Vasantha sat up, manipulating words in the air, imagining a night of good reading. Illiteracy was on generations of wills. The nightly wick fizzled into a pool of rancid hot wax, into another day. The government had stolen back her electricity with one tug of the hand; and off came her makeshift day-at-night, the wire and bulb and all. She tried a random count at an attempt to place when she would move into the safety of two walls, two thatches and a bulb. It had been twenty days? No? Thirty three, maybe.
She let her eyes fight a sleep of tire. The unforgettable hot-wetness drenched her again. She woke. Seventy. The blaze burned her eyes again and singed the tips of her sea-side hair, as she fought the kerosene flames that licked and drowned a distant cry.
She woke again.
He had come to her with the quietness of the day-after. And he had lifted her with two strong arms that were strangely hot. He had carried her away, as the heat burned her lungs and split her consciousness. She had woken. He was still carrying her.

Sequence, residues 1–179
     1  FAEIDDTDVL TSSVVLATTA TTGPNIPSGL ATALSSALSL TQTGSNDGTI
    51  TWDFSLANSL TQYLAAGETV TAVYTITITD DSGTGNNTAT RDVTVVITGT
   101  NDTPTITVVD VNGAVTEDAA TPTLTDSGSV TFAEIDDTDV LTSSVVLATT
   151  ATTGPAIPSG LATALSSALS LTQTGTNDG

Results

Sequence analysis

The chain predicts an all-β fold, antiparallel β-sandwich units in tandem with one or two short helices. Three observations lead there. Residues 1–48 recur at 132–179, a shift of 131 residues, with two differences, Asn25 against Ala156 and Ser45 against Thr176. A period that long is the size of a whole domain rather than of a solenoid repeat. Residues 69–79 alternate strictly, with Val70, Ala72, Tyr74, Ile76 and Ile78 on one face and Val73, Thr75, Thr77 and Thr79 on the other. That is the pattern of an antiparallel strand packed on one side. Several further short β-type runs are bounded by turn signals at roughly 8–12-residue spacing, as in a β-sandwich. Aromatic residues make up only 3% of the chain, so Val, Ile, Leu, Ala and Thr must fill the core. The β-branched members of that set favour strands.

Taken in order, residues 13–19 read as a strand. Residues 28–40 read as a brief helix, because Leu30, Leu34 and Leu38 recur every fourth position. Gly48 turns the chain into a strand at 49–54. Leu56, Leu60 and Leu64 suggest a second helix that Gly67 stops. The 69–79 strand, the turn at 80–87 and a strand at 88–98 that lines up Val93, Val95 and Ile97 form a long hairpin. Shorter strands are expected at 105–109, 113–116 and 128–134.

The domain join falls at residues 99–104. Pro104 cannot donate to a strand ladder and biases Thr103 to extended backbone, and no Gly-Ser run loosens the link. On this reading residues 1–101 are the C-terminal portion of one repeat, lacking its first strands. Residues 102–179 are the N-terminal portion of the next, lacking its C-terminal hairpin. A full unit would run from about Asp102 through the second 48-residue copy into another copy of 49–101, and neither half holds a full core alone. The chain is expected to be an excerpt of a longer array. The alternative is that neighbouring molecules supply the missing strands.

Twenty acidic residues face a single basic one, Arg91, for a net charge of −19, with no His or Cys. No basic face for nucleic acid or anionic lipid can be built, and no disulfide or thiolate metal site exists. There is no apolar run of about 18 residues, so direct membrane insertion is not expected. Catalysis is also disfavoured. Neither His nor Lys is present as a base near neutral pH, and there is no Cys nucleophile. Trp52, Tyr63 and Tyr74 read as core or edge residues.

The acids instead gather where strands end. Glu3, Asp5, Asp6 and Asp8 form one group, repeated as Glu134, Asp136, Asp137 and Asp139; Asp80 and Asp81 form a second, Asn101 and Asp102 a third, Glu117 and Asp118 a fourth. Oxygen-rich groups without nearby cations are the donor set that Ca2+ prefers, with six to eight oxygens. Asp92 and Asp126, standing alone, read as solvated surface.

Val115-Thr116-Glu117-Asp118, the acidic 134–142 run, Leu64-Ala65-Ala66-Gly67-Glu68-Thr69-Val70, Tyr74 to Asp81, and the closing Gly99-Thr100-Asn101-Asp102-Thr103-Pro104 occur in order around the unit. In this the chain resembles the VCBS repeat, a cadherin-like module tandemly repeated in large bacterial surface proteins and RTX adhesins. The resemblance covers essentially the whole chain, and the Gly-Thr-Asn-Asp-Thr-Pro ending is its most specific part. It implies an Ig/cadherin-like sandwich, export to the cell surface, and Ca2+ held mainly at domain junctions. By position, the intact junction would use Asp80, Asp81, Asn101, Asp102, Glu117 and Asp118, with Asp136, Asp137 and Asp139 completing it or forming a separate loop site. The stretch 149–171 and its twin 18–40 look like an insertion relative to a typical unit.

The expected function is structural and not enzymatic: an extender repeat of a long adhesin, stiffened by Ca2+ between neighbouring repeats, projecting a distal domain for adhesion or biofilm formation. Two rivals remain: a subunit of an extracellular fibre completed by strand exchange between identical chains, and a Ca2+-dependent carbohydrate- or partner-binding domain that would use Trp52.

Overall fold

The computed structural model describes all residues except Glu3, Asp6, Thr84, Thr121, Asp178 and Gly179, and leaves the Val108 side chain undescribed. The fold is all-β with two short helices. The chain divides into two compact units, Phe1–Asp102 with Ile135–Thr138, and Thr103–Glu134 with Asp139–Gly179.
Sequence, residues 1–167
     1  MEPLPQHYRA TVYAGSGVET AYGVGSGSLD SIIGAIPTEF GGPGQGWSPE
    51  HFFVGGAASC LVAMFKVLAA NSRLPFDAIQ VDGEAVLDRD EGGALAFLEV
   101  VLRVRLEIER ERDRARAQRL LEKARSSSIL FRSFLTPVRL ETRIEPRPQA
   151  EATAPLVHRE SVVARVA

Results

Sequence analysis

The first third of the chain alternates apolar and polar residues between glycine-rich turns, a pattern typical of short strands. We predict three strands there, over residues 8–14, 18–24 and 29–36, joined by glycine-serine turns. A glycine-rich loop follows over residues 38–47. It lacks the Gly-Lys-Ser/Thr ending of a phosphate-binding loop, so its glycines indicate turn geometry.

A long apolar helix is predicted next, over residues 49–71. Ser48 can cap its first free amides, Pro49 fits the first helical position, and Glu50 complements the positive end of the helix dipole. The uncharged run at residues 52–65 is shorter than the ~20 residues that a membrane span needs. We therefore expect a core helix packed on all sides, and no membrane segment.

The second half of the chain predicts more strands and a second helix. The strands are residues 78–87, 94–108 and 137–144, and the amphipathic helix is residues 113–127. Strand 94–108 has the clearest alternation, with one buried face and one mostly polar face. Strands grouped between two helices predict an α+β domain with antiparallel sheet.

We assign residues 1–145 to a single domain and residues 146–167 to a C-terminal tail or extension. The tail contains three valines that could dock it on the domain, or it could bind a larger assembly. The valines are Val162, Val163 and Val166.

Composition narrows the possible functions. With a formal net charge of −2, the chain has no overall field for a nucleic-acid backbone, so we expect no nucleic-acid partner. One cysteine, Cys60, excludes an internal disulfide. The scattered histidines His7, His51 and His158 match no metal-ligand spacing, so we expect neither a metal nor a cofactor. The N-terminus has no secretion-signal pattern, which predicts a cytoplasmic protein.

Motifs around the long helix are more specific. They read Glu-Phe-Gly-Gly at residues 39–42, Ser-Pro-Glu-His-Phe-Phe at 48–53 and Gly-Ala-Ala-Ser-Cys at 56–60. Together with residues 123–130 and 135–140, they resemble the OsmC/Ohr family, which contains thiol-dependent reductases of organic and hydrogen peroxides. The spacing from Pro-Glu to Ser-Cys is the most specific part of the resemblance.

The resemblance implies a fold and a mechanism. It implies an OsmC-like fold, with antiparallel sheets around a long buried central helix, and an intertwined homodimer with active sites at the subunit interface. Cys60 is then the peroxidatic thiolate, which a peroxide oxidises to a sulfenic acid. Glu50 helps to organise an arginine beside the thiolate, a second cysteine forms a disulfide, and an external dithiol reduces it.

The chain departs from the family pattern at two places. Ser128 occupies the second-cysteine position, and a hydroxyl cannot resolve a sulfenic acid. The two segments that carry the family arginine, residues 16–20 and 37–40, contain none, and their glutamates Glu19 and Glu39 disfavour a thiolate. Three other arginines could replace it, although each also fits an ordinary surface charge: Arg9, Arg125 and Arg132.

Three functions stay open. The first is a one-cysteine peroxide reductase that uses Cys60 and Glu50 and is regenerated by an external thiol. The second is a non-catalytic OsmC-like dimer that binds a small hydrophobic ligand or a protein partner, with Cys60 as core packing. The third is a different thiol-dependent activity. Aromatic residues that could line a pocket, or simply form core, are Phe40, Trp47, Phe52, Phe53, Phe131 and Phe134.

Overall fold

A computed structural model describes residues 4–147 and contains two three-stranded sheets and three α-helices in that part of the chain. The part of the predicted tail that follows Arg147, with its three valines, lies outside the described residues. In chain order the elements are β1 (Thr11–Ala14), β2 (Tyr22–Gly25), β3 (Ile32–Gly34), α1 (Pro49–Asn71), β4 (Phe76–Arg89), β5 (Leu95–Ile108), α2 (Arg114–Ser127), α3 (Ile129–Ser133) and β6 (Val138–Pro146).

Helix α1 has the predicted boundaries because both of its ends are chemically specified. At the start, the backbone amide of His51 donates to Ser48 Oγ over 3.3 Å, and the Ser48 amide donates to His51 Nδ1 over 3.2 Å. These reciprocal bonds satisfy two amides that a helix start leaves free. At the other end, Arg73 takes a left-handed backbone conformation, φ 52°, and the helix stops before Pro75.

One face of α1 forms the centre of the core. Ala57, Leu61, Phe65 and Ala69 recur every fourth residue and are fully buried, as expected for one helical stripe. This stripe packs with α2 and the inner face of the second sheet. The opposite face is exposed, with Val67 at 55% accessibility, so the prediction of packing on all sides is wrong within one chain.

“Where are you taking me?” Vasantha mumbled hot.
“The sea” said he. It was a wonderful voice that sung to her. It lullabied her to a burnt slumber. Maybe it was twenty after all.
When she woke again, there was the moon, buttered on the sea. The lazy waves slapped frothily against her heels.
The salt still smarted in a burn somewhere distant.
She had never seen him again. A distant humming of embers. A distant cry.
In a subsequent retort to Mariam’s shattering calls of hunger, Vasantha woke up again.
She let her left breast slide beneath her green-blue blouse. It burned, as she let the hot-wet trickle waste by. The same distant burn.
“Mariam!” she called into the night. “Amma, da!”
And she rocked her back to a distant sleep. Of hot-wet tears.